Hyon Gyon, ‘The Same Weight of Joy and Grief I’, 2016, oil on clay, 23.1 x 19 x 11.4 cm (9 1/8 x 7 1/2 x 4 1/2 in). Image courtesy the artist and Ben Brown Fine Arts.

Tell us more about your choice of materials, especially textile and fabrics. What made you decide to incorporate that in your work?

I used to work with Korean traditional clothes. The clothes that are closely related to people’s life events like weddings or baby’s first birthday or something like that, something big, and special life milestones. It was a wonderful experience that I could witness people’s happiness, sadness, love, joy, and death through clothes. It was very pleasure to be involved with them. Maybe that’s why I started using textile and fabrics a lot. It is all about human interest.

Hyon Gyon, 'Eleven Minutes', 2014, cloth, candle wax and encaustic on canvas, 142.2 x 205.7 cm (56 x 81 in). Image courtesy the artist and Ben Brown Fine Arts.

Hyon Gyon, ‘Eleven Minutes’, 2014, cloth, candle wax and encaustic on canvas, 142.2 x 205.7 cm (56 x 81 in). Image courtesy the artist and Ben Brown Fine Arts.

In the press release, it is mentioned that your work Eleven Minutes is inspired by Paulo Coelho’s novel of the same title, which is a narrative of the female protagonist’s journey to finding sacred love. How does the novel resonate with your life? Do you see the story as a form of female empowerment or human trafficking?

I don’t see this story as female empowerment or human trafficking. The novel talks about sex or physical attraction, but it teaches what is love and what is meant to be loved more than sex. In the book it says “No one loses anyone, because no one owns anyone.” That is the true experience of freedom: having the most important thing in the world without owning it. This message says everything metaphorically.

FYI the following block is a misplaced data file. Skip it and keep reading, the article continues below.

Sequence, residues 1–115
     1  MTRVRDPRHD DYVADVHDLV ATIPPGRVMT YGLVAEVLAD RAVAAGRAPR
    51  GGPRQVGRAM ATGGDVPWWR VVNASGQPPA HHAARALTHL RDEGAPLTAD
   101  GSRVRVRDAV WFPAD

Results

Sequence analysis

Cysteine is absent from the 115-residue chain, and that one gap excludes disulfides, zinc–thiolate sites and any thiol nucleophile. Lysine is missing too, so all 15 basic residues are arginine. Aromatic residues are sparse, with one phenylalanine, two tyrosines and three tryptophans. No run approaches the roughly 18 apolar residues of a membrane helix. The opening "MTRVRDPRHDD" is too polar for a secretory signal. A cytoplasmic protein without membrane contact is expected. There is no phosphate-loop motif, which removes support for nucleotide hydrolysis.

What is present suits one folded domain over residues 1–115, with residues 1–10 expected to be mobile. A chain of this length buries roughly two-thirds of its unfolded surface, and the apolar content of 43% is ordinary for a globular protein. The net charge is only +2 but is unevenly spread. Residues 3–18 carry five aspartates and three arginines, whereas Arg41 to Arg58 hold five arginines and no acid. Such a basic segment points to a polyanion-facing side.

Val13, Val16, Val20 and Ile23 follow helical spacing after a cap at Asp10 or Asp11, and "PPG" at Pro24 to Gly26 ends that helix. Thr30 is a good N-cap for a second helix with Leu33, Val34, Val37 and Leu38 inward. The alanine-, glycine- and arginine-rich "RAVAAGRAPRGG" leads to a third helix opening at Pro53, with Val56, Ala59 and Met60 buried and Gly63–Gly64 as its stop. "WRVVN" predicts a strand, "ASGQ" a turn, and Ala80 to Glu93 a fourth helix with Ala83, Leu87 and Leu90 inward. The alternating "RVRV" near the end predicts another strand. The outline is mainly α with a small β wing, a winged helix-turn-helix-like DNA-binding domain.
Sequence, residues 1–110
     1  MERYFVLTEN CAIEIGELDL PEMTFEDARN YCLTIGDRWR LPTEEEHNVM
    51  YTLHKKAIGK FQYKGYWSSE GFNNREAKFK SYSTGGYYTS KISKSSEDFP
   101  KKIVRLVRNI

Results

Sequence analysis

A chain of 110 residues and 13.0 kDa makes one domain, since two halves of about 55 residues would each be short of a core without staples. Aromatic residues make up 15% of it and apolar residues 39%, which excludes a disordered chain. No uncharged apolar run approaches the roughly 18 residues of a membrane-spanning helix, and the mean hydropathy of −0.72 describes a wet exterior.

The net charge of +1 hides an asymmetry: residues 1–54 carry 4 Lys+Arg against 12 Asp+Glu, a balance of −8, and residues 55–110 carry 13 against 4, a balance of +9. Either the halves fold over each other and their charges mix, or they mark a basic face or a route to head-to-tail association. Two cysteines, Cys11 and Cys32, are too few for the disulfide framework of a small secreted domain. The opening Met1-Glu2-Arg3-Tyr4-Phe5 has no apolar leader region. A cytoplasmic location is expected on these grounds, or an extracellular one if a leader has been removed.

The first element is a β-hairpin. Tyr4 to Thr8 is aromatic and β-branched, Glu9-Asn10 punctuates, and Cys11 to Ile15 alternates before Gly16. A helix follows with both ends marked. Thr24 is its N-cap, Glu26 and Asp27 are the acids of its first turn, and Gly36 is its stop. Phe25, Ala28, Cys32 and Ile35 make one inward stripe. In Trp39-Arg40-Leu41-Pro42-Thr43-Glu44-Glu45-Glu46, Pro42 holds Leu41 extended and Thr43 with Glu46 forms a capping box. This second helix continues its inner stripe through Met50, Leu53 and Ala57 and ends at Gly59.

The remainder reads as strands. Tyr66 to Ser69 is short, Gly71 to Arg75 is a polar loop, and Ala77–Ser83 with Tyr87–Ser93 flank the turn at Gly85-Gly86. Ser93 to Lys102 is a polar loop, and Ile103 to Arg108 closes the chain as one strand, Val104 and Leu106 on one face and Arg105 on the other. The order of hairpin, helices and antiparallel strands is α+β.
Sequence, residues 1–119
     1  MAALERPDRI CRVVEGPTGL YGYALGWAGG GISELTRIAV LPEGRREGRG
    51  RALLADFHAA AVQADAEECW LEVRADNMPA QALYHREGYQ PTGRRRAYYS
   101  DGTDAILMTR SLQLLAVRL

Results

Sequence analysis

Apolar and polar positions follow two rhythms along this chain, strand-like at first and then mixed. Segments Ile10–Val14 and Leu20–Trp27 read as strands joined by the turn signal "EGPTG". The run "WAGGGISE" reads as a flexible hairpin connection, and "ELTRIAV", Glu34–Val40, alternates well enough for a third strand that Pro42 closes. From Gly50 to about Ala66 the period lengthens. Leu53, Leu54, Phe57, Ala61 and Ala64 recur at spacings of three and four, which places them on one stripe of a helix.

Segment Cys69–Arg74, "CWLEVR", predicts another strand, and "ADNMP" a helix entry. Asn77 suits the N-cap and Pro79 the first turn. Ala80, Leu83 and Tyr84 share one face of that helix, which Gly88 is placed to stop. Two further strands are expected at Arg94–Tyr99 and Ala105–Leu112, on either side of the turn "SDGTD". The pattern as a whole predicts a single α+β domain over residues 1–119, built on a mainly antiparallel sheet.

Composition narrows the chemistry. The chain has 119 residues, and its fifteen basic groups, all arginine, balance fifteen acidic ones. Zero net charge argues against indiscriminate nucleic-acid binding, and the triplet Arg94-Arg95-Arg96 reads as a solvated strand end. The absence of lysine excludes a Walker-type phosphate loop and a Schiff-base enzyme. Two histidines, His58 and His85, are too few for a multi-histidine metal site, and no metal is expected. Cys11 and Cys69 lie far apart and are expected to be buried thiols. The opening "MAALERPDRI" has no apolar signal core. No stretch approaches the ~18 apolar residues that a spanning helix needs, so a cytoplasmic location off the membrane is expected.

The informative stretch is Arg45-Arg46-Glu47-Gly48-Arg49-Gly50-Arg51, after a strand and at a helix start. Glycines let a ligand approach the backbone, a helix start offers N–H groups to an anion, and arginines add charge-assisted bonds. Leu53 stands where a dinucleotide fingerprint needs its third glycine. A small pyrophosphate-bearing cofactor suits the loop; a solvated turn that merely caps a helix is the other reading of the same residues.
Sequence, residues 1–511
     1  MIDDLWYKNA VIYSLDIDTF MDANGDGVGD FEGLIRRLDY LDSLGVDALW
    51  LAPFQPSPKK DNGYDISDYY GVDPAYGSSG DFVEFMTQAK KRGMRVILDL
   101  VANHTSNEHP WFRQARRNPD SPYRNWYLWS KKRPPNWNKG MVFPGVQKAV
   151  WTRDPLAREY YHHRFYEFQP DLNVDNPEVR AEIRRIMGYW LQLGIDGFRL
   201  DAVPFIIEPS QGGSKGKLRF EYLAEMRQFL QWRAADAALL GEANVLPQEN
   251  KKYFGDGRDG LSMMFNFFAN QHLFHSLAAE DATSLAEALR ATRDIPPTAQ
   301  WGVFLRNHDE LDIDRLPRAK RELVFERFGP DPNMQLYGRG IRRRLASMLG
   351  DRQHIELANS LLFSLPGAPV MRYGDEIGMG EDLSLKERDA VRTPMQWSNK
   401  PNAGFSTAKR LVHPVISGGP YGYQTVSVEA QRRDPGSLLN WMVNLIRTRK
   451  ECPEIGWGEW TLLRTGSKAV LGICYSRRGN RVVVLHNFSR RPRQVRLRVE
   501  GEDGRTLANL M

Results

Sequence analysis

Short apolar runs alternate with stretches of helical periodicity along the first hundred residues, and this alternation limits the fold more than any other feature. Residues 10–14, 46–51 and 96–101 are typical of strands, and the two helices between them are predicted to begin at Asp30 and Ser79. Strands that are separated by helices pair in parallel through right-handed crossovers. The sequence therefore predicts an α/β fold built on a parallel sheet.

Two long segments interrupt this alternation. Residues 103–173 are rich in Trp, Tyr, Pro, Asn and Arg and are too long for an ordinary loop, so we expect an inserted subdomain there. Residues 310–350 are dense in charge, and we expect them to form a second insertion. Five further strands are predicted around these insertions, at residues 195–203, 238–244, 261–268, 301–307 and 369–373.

Hyon Gyon, 'Harlem Gold (#PHG03)', 2016, acrylic and gold leaf on canvas, 182.9 x 152.4 cm; (72 1/8 x 60 in). Image courtesy the artist and Ben Brown Fine Arts.

Hyon Gyon, ‘Harlem Gold (#PHG03)’, 2016, acrylic and gold leaf on canvas, 182.9 x 152.4 cm; (72 1/8 x 60 in). Image courtesy the artist and Ben Brown Fine Arts.

Tell us more about your work Harlem Gold. How has your experience in Harlem influenced your artistic practice?

I created this artwork based on the daily life I witnessed during my three-month residency in Harlem. The artwork with drawings and letters on golden-coloured sheet looks different from different angles. Despite its dazzling and colourful first impression, it bluntly shows the truth about alienated African-American society looking through an Asian woman artist’s eyes. It represents violence of society hidden in darkness away from the streetlights and neon signs in big cities as well as our anxieties from living in that in modern social society.

I want my work to exist for many people who have lost their hopes, who have struggled with their lives, or who need help or cure. All my work and exhibitions I have had all relate with this one simple matter. And I think this same reason was why rap or graffiti came out – somebody had to speak out or stood out but using their own language.

Hyon Gyon, 'Harlem Gold (#PHG02)', 2016, acrylic and gold leaf on canvas, 182.9 x 152.4 cm; (72 1/8 x 60 in). Image courtesy the artist and Ben Brown Fine Arts.

Hyon Gyon, ‘Harlem Gold (#PHG02)’, 2016, acrylic and gold leaf on canvas, 182.9 x 152.4 cm; (72 1/8 x 60 in). Image courtesy the artist and Ben Brown Fine Arts.

In light of the recent political events in the United States (especially about race and budget cuts in the arts), what is the role of artists to discuss, explore or raise awareness about these issues?

And what is the role of artists to discuss….well I already pretty much repeated. I see it, I know of it, but I know I cannot do anything about it. My work is more about universal issues and emotion that include but are not limited to current political climates. However, I produce intense work since I just want to express any anger and negative emotions and just let them go. I simply use the canvas to create my vision. I think that’s my role of artist to discuss political events.

Valencia Tong

1879

Related Topics: Korean, painting, sculpture, installation, spiritual, gallery shows, Hong Kong